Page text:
Superselective mesenteric embolization with microcoils in a porcine model

Anthony C. Chin, Marc A. Singer, Michael Mihalov, Herand Abcarian, José R. Cintron, Jayant Radhakrishnan, Amit Lamba, Charles A. Owens*

*Corresponding author for this work

Research output: Contribution to journalArticlepeer-review

16 Scopus citations


PURPOSE: There is a lack of data regarding the degree of ischemic change that may occur in small and large bowel after superselective arterial embolotherapy with platinum microcoils. The purpose of this study was to gain a clearer understanding of the ischemic complications of superselective embolization of peripheral mesenteric arteries with microcoils by gross and histologic examination of postembolectomy bowel specimens at several time intervals in an adult porcine model. METHODS: Two-millimeter platinum microcoils with fibrils were superselectively deployed into six isolated mesenteric branch vessels in each of nine adult pigs. The animals were observed for two days (n = 3), one month (n = 3), or three months (n = 3) and then killed. At necropsy, intestines were examined for gross abnormalities. Sections of bowel containing microcoils were identified under fluoroscopy, resected, and evaluated histologically. RESULTS: A total of 54 microcoils were deployed into the distal arterial mesentery supplying the jejunum (n = 14), ileum (n = 26), and colon (n = 14) of nine adult pigs. Each animal received six microcoils. There were no clinical complications, and all pigs gained weight during their observation periods. Gross examination of the intestines did not reveal any evidence of acute or chronic ischemia. The coils were found in the distal arterial vasculature of the intestine. Histologic examination revealed mild superficial necrosis of villous tips in several samples; however, this finding is likely related to a fixation artifact rather than ischemic injury. There was no other histologic evidence suggestive of ischemic injury. CONCLUSIONS: Gross and histologic findings after superselective arterial embolotherapy demonstrated minimal changes in the bowel, and there were no significant clinical consequences to the animals. We conclude that transcatheter arterial embolotherapy in pigs is safe and may be applicable in the control of massive lower gastrointestinal hemorrhage in humans.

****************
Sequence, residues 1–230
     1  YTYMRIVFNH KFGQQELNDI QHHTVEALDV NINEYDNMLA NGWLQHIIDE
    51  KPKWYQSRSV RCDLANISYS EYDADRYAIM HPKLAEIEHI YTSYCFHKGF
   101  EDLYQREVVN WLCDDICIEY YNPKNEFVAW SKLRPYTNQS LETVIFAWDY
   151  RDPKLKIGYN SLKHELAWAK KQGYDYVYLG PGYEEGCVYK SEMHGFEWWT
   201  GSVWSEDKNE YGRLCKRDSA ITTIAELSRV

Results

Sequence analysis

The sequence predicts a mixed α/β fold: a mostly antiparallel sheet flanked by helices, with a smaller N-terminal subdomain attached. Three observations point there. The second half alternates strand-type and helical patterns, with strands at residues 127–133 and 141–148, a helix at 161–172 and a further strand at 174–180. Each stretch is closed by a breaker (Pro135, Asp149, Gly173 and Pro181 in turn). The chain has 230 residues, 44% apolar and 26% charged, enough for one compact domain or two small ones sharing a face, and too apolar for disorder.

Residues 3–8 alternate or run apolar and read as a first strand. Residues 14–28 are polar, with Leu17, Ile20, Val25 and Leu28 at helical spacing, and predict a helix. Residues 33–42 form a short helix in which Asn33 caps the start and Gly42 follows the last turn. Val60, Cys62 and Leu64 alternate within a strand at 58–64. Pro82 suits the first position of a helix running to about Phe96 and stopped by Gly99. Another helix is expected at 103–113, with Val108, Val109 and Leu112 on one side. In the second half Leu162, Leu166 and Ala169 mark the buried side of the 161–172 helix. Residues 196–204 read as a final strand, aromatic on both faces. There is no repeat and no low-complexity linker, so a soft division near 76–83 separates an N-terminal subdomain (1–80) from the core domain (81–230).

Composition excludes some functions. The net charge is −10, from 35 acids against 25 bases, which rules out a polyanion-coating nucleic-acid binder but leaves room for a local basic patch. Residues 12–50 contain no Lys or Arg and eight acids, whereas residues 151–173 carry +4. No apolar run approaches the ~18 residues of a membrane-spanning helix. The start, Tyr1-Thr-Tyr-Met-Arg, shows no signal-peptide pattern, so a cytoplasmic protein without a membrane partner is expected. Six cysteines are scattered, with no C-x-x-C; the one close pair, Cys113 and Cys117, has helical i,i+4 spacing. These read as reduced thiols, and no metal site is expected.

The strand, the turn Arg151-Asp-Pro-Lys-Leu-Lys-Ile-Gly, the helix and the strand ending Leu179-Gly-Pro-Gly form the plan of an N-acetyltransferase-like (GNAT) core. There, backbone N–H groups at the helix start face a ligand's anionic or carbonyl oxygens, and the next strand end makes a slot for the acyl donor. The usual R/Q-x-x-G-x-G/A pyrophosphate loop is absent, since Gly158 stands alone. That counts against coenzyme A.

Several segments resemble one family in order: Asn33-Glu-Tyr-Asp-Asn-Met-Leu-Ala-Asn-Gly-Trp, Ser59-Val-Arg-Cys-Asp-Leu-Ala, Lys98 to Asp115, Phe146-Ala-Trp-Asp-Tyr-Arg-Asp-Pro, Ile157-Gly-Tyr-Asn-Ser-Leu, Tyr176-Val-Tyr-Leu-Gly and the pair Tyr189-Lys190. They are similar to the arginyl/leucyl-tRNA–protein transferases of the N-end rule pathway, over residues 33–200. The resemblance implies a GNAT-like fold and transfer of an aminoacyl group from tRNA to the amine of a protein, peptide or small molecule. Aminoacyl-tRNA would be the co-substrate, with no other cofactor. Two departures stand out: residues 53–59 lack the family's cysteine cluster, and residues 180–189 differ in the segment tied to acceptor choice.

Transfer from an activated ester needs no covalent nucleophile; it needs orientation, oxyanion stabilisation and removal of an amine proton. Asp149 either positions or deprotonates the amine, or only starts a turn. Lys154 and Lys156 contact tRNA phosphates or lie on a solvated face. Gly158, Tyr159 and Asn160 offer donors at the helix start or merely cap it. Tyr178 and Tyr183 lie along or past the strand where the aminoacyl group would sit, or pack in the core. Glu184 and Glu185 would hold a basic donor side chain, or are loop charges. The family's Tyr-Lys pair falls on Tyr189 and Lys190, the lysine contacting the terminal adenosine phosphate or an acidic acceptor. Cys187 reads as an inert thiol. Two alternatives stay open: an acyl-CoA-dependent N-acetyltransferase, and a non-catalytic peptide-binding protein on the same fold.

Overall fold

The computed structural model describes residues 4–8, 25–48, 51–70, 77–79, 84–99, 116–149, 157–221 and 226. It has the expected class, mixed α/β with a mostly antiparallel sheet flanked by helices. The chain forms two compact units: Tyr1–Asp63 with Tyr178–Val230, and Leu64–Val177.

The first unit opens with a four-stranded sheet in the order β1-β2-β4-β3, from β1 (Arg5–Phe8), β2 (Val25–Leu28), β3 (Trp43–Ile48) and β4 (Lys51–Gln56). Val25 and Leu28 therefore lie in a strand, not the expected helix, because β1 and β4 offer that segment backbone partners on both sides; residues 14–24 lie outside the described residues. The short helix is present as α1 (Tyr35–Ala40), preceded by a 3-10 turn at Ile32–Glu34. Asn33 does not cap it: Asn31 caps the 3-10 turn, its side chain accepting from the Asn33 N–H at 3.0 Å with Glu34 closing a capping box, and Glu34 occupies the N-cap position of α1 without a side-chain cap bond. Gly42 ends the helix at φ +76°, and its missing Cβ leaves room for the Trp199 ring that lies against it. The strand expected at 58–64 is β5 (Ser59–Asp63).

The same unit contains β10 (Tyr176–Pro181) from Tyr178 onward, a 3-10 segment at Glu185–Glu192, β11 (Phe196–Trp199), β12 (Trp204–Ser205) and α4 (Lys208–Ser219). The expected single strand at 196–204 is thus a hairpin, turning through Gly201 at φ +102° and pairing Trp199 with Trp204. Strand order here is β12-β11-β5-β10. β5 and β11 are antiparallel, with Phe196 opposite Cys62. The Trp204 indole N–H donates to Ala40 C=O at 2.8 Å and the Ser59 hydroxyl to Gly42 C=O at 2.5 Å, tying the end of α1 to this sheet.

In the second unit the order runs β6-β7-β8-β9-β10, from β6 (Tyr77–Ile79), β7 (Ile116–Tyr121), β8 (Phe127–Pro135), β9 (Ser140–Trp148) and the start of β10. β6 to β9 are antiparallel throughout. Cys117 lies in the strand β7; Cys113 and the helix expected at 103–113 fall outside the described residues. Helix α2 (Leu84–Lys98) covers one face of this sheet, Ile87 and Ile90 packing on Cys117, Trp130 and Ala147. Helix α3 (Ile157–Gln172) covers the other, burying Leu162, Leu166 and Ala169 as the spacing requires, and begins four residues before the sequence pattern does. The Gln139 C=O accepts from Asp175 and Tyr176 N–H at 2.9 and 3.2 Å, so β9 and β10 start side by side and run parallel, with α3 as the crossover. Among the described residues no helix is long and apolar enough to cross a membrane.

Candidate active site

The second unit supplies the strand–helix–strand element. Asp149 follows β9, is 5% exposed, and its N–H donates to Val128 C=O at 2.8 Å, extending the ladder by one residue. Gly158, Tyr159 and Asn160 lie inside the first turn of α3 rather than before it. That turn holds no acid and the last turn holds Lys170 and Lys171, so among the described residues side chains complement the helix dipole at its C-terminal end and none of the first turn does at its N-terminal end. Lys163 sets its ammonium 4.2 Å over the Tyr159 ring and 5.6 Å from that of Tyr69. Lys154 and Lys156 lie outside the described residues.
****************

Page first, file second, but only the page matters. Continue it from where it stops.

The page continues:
Original languageEnglish (US)
Pages (from-to)212-218
Number of pages7
JournalDiseases of the colon and rectum
Issue number2
StatePublished - 2002


  • Embolotherapy
  • Gastrointestinal hemorrhage
  • Interventional radiology
  • Microcoils
  • Superselective embolization

ASJC Scopus subject areas

  • Gastroenterology


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